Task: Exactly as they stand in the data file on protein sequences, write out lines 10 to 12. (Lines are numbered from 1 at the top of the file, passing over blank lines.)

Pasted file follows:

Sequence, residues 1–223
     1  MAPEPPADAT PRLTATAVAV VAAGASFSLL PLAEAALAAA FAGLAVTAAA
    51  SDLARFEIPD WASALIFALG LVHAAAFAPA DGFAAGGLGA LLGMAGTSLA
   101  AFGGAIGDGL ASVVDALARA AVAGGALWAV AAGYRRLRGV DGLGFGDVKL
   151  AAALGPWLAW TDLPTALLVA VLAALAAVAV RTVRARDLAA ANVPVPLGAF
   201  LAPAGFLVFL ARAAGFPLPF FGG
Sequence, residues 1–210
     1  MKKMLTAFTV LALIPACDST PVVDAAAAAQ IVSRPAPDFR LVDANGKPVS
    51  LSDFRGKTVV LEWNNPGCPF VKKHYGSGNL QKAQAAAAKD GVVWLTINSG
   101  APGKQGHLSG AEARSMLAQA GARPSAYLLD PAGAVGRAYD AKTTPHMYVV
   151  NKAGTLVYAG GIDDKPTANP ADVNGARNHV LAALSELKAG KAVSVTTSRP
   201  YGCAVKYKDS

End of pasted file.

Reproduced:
   101  APGKQGHLSG AEARSMLAQA GARPSAYLLD PAGAVGRAYD AKTTPHMYVV
   151  NKAGTLVYAG GIDDKPTANP ADVNGARNHV LAALSELKAG KAVSVTTSRP
   201  YGCAVKYKDS